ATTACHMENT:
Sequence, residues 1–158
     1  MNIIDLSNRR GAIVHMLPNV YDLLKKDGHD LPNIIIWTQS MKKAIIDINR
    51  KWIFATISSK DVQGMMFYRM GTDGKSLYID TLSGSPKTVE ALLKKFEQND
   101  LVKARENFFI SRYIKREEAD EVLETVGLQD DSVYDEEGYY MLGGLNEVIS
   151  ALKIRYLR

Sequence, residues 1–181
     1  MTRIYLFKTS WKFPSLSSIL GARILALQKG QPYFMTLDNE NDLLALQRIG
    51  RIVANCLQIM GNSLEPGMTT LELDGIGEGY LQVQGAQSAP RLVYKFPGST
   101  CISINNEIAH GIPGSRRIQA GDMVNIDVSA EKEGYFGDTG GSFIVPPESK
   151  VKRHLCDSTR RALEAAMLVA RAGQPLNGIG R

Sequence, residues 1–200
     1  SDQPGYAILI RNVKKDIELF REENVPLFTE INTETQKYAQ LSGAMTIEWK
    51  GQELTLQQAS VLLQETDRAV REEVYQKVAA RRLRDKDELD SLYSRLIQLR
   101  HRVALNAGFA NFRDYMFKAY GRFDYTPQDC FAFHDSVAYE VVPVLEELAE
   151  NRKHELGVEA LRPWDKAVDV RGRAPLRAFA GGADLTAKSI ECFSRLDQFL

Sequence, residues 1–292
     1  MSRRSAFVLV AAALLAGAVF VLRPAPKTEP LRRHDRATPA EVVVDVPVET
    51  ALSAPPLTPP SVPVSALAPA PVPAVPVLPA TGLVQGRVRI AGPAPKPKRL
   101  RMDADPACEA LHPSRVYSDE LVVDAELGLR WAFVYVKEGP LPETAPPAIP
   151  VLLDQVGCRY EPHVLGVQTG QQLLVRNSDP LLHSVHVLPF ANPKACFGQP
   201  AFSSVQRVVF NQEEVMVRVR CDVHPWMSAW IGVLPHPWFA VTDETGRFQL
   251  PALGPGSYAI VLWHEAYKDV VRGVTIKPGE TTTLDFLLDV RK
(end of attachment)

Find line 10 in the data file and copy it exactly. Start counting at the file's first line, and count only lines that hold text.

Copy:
   151  VKRHLCDSTR RALEAAMLVA RAGQPLNGIG R